Help me survive this calamity!

I thought about this for awhile and finally decided (after this past week’s disaster) to open a gofundme page.

I hate the idea of asking others for help, but I’m to the point where my family is “tapped out” and I have very, very limited options where government assistance is concerned.

Apparently I have to be EXTREMELY destitute before I can be considered for medicaid.

My husband is trying valiantly to keep us afloat and afford the medication that I need, but in this economy, two, and now three jobs aren’t enough.

I may get insurance in 90 days, but I’m concerned about the whole “preexisting conditions” exclusions, and I don’t have the mental capacity to read through the Obamacare regulations.

I have been a nurse for 10 years.  I have faithfully taken care of my patients when they have needed me the most.

I now need help.

Please consider donating anything.  It would be greatly appreciated.

Click here for the link to the page.

Take your medication EXACTLY as directed

The lovely hematoma from all the blood work and IVs.  I've had it worse before, but this one is solid underneath and painful.

The lovely hematoma from all the blood work and IVs. I’ve had it worse before, but this one is solid underneath and painful.

Good Lord, this week has sucked.

As a nurse, I deemed it prudent to completely take myself off my steroids.  If you have ever taken steroids, you know this is a bad idea.

In all fairness, I was down to 2mg (from a start of 60mg) and I honestly forgot to take them while on vacation for a variety of reasons.

I was a week or two out and I figured “hey, I’m not dead yet, maybe I can white knuckle some of these withdrawal symptoms and completely be steroid free!!”

I ended up in the emergency room.  Twice.

I woke up Tuesday with muscle spasms/contraction in all my limbs, but especially in my legs.  I could not control the frequent shaking and flailing.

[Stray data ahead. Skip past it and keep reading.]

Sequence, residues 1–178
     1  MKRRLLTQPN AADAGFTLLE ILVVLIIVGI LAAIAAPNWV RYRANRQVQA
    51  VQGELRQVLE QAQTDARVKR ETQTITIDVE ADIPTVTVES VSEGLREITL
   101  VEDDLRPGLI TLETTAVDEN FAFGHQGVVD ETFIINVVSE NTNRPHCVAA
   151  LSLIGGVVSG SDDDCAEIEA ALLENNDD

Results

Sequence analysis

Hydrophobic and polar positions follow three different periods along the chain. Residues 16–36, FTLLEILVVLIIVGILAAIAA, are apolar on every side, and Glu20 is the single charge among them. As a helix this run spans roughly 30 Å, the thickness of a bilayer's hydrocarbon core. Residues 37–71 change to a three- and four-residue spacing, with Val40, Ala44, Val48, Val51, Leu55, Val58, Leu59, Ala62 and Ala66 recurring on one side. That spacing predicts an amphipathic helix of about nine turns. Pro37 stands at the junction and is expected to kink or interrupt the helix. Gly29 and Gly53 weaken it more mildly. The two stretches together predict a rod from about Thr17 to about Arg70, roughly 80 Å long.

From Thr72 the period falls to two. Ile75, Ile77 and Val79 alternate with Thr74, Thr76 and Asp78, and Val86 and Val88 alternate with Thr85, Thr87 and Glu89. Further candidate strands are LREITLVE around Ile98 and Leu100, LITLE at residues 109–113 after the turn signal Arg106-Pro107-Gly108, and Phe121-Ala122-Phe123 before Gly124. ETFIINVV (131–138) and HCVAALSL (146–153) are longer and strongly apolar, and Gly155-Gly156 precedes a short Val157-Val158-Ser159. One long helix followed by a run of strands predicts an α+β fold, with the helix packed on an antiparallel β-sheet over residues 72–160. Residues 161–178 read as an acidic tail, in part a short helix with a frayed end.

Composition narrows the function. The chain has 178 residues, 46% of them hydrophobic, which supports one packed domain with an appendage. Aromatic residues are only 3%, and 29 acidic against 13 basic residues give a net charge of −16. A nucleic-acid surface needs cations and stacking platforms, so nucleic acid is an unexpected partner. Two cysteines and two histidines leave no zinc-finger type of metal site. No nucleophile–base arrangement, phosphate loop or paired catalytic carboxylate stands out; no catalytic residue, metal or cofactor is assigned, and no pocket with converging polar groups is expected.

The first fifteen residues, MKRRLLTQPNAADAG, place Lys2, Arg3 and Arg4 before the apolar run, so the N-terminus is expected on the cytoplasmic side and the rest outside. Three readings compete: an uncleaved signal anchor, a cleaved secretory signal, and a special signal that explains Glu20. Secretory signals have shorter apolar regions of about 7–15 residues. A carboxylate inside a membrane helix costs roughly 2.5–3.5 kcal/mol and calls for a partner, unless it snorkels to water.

I couldn’t talk.  I could stutter, I could stammer.  No coherent language.

And I was out of it.  I didn’t black out, but I was pretty much unresponsive at times.

Oh and my bp was all over the map, from 150s/110s to 92/palp.

And the sever pain in my lower back was horrendous.  Apparently this was my adrenal glands SCREAMING at me.

So the EMTs were called in on Tuesday to stabilize me and haul me to the hospital.

At the hospital, one I didn’t usually frequent and who wasn’t up to date on my condition, they missed that I was probably going through steroid withdrawal.  They gave me fluid, ativan, and sent me on my way.

I saw the rheumatologist the next day who put two and two together.  Apparently I should have had a cortisol level drawn and probably should have been kept for observation.  Shit.

She put me back on my steroids, wrote out a lengthy taper schedule (down by 0.5mg every two weeks).

I woke up yesterday with similar symptoms.  They weren’t as bad as Tuesday’s nightmare, but I could feel myself slipping.

So Mommy hauled me to the hospital (the one I frequent, to which my medical records are in their computer system), and I got fluid, steroids, and compazine.

I feel like a new person.

The muscle aches are there this morning, but so far I’m able to eat, able to move, able to talk and type.

The lessons learned?

Keep an ACCURATE list of medications and conditions on the fridge for these situations.  In the beginning I had done this religiously, but since I’ve been sick for over a year, I have slacked.

Have someone who knows your situation, knows how you have been recently, and who can advocate for you.  In this case, it was my mom and my husband.  I don’t know what I would have done without them.

And go to the hospital system that is most closely up to date with your condition.  In my area, there are three hospital systems.  I have been to two.

Finally, LISTEN TO YOUR DOCTOR.  Yes, I was permitted to taper my own dose of steroids, but I didn’t realize how poorly my body would react to the withdrawal of a substance I took for over a year.

So after $3,000+ in medical bills this week alone, I’m feeling better, physically.

And I have definitely learned my lesson.